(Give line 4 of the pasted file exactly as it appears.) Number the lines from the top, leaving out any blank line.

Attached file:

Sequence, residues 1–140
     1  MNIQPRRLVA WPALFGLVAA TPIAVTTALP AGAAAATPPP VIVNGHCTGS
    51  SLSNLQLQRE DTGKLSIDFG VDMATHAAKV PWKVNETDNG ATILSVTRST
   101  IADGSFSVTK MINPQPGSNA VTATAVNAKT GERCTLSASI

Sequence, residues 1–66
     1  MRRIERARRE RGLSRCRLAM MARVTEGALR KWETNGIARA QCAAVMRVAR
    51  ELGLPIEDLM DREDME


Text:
   101  IADGSFSVTK MINPQPGSNA VTATAVNAKT GERCTLSASI